Kim Fox noticed how her students gained confidence and some helpful perspective on dealing with service technicians during her classes. "A real 'a ha' moment happened when the class was looking at worn spark plug wires. We pointed out that faulty parts like that would be a sure sign that a used car they might be considering was not well maintained." At another class, she remembers that "some women felt they'd been ripped off in the past, but after they gained knowledge about the importance of some repairs and the work involved in doing them, they felt better."

Was It Worth Your Time?
Taking a car care class can help you save money, improve driving safety and even help the environment. The women in Karen Valenti's class enjoyed getting ballpark estimates of various repairs as well as insider tips about problems that plague drivers in the Southern California climate, like tire dry rot and faulty air-conditioning.

Kim Fox gives her students a reality check on safety by challenging them to change their tires. "One woman took over 45 minutes," she said. "Here in Montana, where cell phone [reception] can be spotty and the winter weather is treacherous, that could be a life-or-death situation."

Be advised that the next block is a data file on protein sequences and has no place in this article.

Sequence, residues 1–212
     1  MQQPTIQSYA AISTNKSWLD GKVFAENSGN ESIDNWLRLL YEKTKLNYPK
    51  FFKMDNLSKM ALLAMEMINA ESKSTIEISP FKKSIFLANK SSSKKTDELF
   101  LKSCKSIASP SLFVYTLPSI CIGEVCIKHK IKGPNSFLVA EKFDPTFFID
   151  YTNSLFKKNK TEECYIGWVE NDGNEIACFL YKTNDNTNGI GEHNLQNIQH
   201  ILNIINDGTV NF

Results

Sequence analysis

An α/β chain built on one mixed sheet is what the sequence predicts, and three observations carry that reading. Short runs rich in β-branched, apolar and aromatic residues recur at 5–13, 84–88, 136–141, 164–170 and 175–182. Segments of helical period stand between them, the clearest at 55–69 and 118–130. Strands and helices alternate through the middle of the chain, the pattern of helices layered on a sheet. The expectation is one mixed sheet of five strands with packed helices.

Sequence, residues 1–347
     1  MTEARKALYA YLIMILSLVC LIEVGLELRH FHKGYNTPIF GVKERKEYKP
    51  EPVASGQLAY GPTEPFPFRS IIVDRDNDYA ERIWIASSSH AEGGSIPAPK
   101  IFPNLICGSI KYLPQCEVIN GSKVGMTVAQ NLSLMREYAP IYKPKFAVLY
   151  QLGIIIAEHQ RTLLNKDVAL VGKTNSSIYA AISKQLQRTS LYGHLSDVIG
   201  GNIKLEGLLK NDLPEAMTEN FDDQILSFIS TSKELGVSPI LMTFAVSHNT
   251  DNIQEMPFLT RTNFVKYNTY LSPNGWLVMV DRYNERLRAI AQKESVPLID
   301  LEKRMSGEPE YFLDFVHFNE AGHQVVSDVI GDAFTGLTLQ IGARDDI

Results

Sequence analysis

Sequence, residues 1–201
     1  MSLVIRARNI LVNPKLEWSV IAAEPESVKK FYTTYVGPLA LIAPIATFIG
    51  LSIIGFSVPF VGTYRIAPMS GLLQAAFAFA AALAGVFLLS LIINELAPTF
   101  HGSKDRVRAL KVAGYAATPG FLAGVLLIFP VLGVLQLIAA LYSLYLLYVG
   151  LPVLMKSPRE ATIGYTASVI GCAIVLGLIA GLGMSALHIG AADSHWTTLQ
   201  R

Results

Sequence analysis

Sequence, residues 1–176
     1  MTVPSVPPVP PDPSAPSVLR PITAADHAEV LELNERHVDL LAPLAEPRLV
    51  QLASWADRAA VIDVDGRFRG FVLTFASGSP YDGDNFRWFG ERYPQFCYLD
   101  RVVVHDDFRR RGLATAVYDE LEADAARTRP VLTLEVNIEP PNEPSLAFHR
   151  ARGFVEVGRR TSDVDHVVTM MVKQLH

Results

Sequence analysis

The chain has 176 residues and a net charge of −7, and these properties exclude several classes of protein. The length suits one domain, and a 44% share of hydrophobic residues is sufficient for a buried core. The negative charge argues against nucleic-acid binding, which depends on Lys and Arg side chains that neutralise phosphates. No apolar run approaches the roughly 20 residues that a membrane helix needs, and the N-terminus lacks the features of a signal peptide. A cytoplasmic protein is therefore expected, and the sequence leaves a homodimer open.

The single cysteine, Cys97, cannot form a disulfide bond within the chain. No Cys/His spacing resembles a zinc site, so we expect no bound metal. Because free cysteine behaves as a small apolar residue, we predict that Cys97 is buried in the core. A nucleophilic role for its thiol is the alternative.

"I teach my students how something as simple as an oil change or a visual inspection can prevent very costly repairs and how regular maintenance improves your fuel economy and lowers emissions," Julia Johnson said. "They also appreciate tips on how to find a good repair shop and where to go for help if the shop doesn't perform."

Where Can I Sign Up?
Adult learning classes or extension services at local colleges and parks departments are the most likely places to find car care classes, though there's no guarantee they'll have one geared toward women. Generally they are pretty inexpensive; the one I attended cost $46.50, including the textbook.

Your local auto club may hold classes, and your chamber of commerce may also be able to refer you to one. Dealerships and auto parts stores also sometimes schedule one-day events, like Firestone's Car Care Academies.

If all else fails, call up your favorite auto service technician and suggest holding a car care class. "That's how I got started," Karen Valenti recalls. "I put on my first class as a favor to one of my customers, and I've been teaching now for 20 years."